What GAO Found
In its reports to Congress, the Office of Management and Budget (OMB) reported that annual federal climate change funding increased by $4.4 billion from fiscal years 2010 through 2017. For example, reported annual funding for technology to reduce emissions increased by about $3.5 billion, as seen in the figure below. Although OMB included information on federal fiscal exposure to climate change in the President’s budgets for fiscal year 2016 and 2017, it did not provide this information in its most recent climate change funding reports. For example, the reports did not include information on programs—such as disaster assistance—whose costs were likely to increase due to climate change which would have provided more complete information for making spending trade-off decisions for climate activities. According to GAO’s prior work, more complete information on fiscal exposures and the long-term effects of decisions would help policymakers make trade-offs between spending with long-term and short-term benefits.
Based on its review of the budget justifications of six agencies representing 89 percent of OMB-reported funding, GAO identified few programs (18 of 533) whose primary purpose is to address climate change. The remaining programs were multi-purpose—the budget justifications included other program goals in addition to addressing climate change. The 18 programs represented about 6 percent of these agencies’ reported climate change funding for fiscal year 2017.
According to GAO’s analysis, the 18 primary purpose climate change programs GAO identified are fragmented across four federal agencies, but the programs serve different purposes, target different audiences, or operate at different time periods and scales, which minimizes potential overlap or duplication. Additionally, agency program managers collaborate through the U.S. Global Change Research Program—a coordinating entity—to avoid potential negative effects from fragmentation. However, climate change programs outside GAO’s review have not been analyzed for potential fragmentation, overlap, or duplication.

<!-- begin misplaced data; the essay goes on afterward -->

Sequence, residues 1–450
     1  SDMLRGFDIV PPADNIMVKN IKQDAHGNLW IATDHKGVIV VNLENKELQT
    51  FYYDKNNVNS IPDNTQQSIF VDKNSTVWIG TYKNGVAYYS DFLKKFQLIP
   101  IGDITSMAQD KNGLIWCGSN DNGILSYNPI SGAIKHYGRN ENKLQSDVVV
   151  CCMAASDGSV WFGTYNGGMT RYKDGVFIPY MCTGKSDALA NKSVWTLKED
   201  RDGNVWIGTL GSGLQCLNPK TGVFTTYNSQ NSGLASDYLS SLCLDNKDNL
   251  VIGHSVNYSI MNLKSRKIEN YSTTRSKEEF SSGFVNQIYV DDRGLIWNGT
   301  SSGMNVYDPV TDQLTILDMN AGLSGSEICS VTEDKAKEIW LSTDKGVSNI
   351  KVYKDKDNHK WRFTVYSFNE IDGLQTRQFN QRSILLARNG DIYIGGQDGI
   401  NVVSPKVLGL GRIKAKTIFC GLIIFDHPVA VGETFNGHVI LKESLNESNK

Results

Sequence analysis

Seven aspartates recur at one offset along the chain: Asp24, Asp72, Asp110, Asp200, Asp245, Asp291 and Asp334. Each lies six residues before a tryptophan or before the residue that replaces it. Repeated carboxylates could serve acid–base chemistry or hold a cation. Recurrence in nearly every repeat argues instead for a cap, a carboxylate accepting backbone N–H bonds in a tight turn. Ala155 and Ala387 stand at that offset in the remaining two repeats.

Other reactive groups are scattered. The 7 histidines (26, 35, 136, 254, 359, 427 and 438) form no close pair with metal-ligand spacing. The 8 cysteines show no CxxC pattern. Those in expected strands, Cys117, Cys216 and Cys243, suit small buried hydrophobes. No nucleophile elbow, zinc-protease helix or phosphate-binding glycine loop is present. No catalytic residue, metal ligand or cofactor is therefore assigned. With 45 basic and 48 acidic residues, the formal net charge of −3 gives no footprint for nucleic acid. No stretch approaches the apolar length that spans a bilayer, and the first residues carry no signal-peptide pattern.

Why GAO Did This Study
Since 1993, OMB has reported over $154 billion in funding for federal climate change activities, spread across the government—raising questions about fragmentation, overlap, or duplication.
GAO was asked to review federal climate change funding. This report examines (1) reported federal funding from 2010 to 2017 and the extent to which reports on such funding are clearly linked to the federal fiscal exposure to climate change; (2) the extent to which selected agencies reported climate change funding that supports programs where addressing climate change is the primary purpose; and (3) the extent to which the primary purpose programs are fragmented, overlapping, or duplicative.
GAO reviewed OMB climate change funding reports; analyzed budget justifications for six agencies—the Departments of Agriculture, Commerce, Defense, and Energy; the National Aeronautics and Space Administration and the National Science Foundation—representing 89 percent of OMB-reported climate change funding in fiscal year 2014; analyzed documents on primary purpose programs against GAO’s fragmentation, overlap, or duplication criteria; and reviewed GAO’s prior work on fiscal exposures.
What GAO Recommends
GAO is making two recommendations to OMB for enhancing the information it provides to Congress, in conjunction with future funding reports. OMB agreed with the findings but disagreed with GAO’s recommendations, which GAO continues to believe are valid as discussed in the report.